Investing in MLPs
MLP income & total return strategies in a volatile energy environment
September 16, 2015 | Gaylord Texan Resort & Convention Center - Grapevine, TX
September 19, 2015
Given market events, the timing of our Investing in MLPs conference enabled investors to gain deep insight into relevant industry topics unfolding in our low commodity price environment. Our partner, MLPData, summarized a few of the key points discussed throughout the conference by the presenters, which consisted of Fund Managers, Tax Experts, Analysts, MLP Management, and RIA’s managing MLP allocations.
What to Expect in 2015 and 2016: Most presenters agreed that they expect to see volatility and perhaps more downside risk as Fall credit redeterminations take place, creating headlines of E&P distress, along with the potential for small and peripheral MLPs to announce distribution cuts in December. These risks are unrelated to MLP fundamentals, but rather reflect market sentiment where units are being sold without asking questions. 2016 is considered the year of opportunity if investors are able to pick up oversold units in Q4 of 2015. Estimates are that US production will fall between 250k and 900k bpd before the end of the year, allowing the market to re-balance and stabilize crude in the $50-$60 range. Although volume reductions are not what MLP investors would hope for, operators can build budgets and infrastructure around higher prices, which will lead to growth projects.
Bankruptcy Risk of Take or Pay Contracts: With looming announcements of E&P bankruptcy, exemplified by this week’s announcement of Samson’s pre-packaged Chapter 11 bankruptcy filing, the audience was looking for insight into how might a Midstream operator be impacted if a take or pay customer were to declare bankruptcy. Presenters responded by describing that each Bankruptcy filing could be different, but the midstream operator will have a period of uncertainty regarding their contract terms. However, the expectation is that to the extent there are Chapter 11 filings by customers of midstream services, these filings will not result in the customer terminating operations, but more likely addressing their balance sheet and continuing to require the midstream services. Those who are more captive to limited midstream alternatives will have the least amount of leverage to alter their take or pay commitments in the event of bankruptcy filing. Although there were many questions about this topic, the presenters did not expect bankruptcy driven take or pay reductions to have a material impact on 2016 cash flows, and the headline risks were more worrisome than the actual impact.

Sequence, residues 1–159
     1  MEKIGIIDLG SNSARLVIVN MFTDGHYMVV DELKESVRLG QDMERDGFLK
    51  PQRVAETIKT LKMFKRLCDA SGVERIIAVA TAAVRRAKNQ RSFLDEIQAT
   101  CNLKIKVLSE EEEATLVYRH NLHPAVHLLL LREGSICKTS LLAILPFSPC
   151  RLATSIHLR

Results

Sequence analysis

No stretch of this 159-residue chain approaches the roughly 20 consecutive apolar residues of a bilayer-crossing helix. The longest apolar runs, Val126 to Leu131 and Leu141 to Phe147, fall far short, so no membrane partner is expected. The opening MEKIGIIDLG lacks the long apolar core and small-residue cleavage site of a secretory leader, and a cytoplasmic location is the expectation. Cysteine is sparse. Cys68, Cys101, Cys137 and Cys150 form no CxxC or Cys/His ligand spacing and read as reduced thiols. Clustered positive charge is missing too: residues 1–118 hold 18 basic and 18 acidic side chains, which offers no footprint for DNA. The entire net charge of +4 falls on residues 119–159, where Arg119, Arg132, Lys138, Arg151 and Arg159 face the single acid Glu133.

The Impact of Fund Flows: There is no question that the recent performance of MLPs have been driven by the plethora of new Closed End Funds, Mutual Funds and ETFs which have been launched since 2010, raising over $30B in new capital to soak up MLP equity issuance and increase demand for units. Those flows have since shifted and have turned modestly negative as retail investors liquidate energy exposure. However, several fund managers mentioned the strong inflows related to new institutional money which may be indicating that MLPs have hit bottom.
Raising Capital: MLPs usually fund new projects with 50% equity and 50% debt, the former of which is nearing 10% for many units, and even higher when considering the impact of IDRs. At a double digit cost of equity financing, few new projects look attractive when considering Return on Invested Capital. Recent new issuances have not been well received, increasing yields further. Some management teams are faced with reducing distributions if the market does not value their units in line with the assumption of no distribution cuts. Accessing the public markets for equity issuance will likely be a last resort to sponsor financing and private equity, the latter of which reportedly is near $20B of available capital awaiting opportunity.